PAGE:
K C Taylor et al, (2011) Alcohol, Smoking, and Caffeine in Relation to Fecundability, With Effect Modification by NAT2, Annals of Epidemiology, Article in PressPrint this page
PURPOSE: Common polymorphisms in the N-acetyltransferase-2 (NAT2) metabolic enzyme determine slow or rapid acetylator phenotypes. We investigated the effects of alcohol, smoking, and caffeine on fecundability, and determined whether the effects were modified by NAT2.
METHODS: Three NAT2 polymorphisms were genotyped in 319 women office workers participating in a prospective pregnancy study (1990–1994). Women were ages 20–41 and at risk for pregnancy. Discretetime survival analysis was used to determine the effects of alcohol, smoking, and caffeine on fecundability and evaluate effect modification by NAT2.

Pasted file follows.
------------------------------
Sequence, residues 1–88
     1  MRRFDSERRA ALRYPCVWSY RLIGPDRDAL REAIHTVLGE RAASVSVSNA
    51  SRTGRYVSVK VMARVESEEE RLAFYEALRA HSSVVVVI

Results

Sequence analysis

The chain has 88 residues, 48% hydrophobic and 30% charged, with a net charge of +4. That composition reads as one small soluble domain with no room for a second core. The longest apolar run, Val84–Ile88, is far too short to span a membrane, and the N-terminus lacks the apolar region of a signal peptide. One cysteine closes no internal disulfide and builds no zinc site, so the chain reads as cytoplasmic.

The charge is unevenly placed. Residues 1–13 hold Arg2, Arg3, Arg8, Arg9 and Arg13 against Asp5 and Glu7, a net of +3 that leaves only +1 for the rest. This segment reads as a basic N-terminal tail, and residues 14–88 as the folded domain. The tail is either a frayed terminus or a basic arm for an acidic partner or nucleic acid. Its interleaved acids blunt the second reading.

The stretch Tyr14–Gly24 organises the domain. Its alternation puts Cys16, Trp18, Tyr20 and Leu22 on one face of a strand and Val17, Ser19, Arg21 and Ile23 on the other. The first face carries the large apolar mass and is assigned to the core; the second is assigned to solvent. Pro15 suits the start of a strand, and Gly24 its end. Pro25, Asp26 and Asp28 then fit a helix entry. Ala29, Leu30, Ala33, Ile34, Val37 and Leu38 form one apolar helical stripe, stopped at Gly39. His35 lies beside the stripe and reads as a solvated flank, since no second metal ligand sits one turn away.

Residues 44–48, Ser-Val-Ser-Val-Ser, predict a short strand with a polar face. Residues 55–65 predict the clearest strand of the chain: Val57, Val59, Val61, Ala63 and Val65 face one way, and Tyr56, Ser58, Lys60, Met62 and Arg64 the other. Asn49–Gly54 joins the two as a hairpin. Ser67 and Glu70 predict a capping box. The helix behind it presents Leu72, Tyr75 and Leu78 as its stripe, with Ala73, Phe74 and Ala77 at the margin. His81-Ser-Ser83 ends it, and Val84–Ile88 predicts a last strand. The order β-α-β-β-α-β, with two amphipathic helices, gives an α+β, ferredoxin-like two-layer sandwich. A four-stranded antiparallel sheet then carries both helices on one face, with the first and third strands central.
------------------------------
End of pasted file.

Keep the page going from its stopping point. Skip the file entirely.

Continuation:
RESULTS: We followed 319 women (161 slow acetylators, 158 rapid) for an average of 8 menstrual cycles, resulting in 124 pregnancies. There was no effect of caffeine on fecundability. Drinking>1 alcoholic drink per day and current smoking were significantly associated with reduced fecundability, but only among slow acetylators (adjusted fecundability odds ratio [FOR] for smoking Z 0.34; 95% confidence interval, 0.22–0.90; adjusted FOR for >1 drink per day Z 0.20; 0.05–0.92). There was no effect among rapid acetylators.
CONCLUSIONS: NAT2 status significantly modified the effects of alcohol and smoking on fecundability, emphasizing the importance of incorporating genetic and metabolic information in studies of reproductive health. Replication of this study is warranted.
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